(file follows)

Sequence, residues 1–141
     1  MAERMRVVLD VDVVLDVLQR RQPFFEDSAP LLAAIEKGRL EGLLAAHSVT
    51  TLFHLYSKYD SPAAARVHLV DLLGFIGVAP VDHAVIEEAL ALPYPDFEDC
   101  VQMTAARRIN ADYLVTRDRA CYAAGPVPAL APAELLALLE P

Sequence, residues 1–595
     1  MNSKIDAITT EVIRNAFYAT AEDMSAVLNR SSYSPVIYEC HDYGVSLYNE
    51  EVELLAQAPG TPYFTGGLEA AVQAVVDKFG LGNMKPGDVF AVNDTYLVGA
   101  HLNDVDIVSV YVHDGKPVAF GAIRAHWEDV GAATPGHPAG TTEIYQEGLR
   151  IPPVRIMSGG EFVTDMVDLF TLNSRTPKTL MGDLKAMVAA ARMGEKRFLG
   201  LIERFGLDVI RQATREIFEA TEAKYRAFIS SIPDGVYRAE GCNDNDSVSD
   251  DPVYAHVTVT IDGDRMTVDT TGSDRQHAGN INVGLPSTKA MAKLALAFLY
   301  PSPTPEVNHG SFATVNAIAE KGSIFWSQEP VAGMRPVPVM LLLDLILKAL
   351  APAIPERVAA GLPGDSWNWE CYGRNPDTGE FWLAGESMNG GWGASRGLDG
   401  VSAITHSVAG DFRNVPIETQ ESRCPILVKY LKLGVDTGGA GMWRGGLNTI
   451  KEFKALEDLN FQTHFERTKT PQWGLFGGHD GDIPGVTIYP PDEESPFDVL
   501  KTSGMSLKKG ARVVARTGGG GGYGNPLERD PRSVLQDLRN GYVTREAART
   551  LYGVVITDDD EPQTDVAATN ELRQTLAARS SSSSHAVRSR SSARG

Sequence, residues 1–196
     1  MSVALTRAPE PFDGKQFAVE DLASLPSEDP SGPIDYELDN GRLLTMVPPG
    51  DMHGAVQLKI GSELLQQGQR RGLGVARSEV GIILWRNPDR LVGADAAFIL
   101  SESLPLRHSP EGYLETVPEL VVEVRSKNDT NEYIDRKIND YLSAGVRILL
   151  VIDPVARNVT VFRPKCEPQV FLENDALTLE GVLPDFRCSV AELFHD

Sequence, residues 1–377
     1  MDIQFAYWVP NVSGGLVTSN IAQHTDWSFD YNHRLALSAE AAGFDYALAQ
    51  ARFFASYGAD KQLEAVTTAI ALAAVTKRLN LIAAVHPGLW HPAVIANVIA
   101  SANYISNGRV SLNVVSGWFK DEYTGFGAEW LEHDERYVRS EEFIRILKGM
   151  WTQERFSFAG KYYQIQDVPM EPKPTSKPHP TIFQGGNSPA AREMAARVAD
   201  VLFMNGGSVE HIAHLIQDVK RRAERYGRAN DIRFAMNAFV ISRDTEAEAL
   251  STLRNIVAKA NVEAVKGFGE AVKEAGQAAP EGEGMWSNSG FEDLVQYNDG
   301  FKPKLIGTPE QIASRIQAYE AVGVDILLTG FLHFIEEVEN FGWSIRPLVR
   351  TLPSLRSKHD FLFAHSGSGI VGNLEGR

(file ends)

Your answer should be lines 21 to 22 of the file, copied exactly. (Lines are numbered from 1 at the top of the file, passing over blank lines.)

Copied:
   101  SESLPLRHSP EGYLETVPEL VVEVRSKNDT NEYIDRKIND YLSAGVRILL
   151  VIDPVARNVT VFRPKCEPQV FLENDALTLE GVLPDFRCSV AELFHD